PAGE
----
The Parish of Saint Francis
The history of Southampton, as a settled site, reaches back in time almost 2000 years. In the 1st century AD the Romans established a harbour at modern-day Bitterne on the eastern bank of the River Itchen, one of the two rivers that flow into Southampton Water. This Roman port was called Clausentum and by the 4th century it had been reduced in area and surrounded by a defensive stone wall - excavations in 1951-4 revealed the remains of a number of stone buildings from the Romano-British period, including a bathhouse.
The next recorded settlement on the site is the Saxon port of Hamtun, important enough in the 8th century to give its name to the county of Hamtunsiir, thus Hampshire, while the Domesday Book version Hantescire provides the modern abbreviation of Hants. It is here at the site of the future Southampton that King Canute (1017-35) is reputed to have ordered the tide to recede. After the Norman Conquest of 1066, William had landed more of his troops at Southampton, and the township grew rapidly under Norman rule, as the port of convenience situated between Normandy and the then English capital of Winchester.
c.510: Probable founding of royal estate of Hamtun at St. Mary’s.
534: Death of Cerdic. His territories later becomes Hamtunscir. Hamtun has about 150 people.
635: Gewissian capital moved to Winchester (NB water travel much easier, and Hamtun is Winchester’s port). Christianity; St. Mary’s Church prob. built soon after.
661: Meonwaras and Wihtware (East Hampshire and Wight) fall under Mercian control after battle of Pontesbury. Hamtun's first ‘town’ wall built of wood.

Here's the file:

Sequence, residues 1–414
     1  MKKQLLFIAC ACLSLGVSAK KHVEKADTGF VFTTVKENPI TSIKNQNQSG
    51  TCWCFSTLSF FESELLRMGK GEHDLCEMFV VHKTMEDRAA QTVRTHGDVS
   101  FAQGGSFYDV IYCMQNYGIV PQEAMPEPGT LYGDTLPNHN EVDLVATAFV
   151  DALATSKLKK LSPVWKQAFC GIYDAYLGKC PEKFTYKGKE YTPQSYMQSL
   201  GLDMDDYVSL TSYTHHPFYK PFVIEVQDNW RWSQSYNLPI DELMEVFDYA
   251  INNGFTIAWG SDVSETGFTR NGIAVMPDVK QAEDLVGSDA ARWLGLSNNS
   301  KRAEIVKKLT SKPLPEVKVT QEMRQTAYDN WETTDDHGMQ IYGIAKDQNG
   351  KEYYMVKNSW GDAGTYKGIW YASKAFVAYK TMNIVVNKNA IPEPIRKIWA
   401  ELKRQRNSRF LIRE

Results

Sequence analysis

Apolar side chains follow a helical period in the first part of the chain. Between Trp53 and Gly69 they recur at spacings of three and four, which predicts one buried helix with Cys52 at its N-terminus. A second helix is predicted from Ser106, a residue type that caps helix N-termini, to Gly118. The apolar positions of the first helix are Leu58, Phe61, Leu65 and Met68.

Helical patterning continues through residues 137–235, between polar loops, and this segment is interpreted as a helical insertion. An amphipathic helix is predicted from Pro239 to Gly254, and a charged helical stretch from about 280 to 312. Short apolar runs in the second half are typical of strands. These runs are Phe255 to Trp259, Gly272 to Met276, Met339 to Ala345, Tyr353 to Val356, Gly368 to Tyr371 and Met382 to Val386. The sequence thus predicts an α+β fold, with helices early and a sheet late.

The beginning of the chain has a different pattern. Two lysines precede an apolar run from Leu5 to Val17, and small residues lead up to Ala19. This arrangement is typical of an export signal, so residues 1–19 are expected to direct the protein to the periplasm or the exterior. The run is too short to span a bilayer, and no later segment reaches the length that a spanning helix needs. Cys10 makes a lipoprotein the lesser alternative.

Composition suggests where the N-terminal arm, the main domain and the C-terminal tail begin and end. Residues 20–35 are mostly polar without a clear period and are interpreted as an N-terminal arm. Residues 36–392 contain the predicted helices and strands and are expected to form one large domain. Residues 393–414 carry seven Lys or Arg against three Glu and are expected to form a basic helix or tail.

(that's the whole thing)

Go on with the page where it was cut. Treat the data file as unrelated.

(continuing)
685: Cadwalla regains lost Gewissan lands. Threat lifts. Country renamed Wessex.
690: King Ine builds a new trading port a mile away at Hamwick (wick = trading centre). Vast increase in trade with the Continent.
757: Deposed King Sigeberht murders Cumbra, alderman of S. Hampshire, in the town and is later killed at Privett by a pig-farmer, one of Cumbra’s men.
840: Viking fleet defeated N. of Southampton after raiding Winchester. There is a gradual defection from Hamtun to Hamwic, but the people take their name with them, the 'new' town becoming Hamtun.
875: Viking fleet passes Southampton on way to Wareham. Luckily doesn’t stop!
911-27: Great Reconquest captures (Northampton) in 918. Hamtun becomes Southamtun to avoid confusion.
The Parish of Saint Francis, in the Diocese of Hamtun, Southampton, Hampshire
We are an Independent Catholic Church in West End, Southampton. The oratory is private and not open to the general public, although we would welcome new members. Please speak to Bishop Martyn if you would like to be invited along.
Sunday Mass 10.30 am
The Order of Mass - The New English Translation
Selection of Photos From the Parish
Meet some of the Laity, the Parishioners, of St. Francis. They contribute to the life of the Parish in many different ways, by reading the lessons, helping with refreshments, flower arranging, and much more.
We have a strict policy on child protection in place in the parish. The clergy are never placed in the position of being alone with children or vulnerable adults under any circumstances.
The Parish of Saint Francis is a small but dedicated parish here in Southampton. We recently built our own oratory, where we worship every Sunday, and daily services are held.
We at St. Francis would like to share some of our recent events which can be found in our Gallery section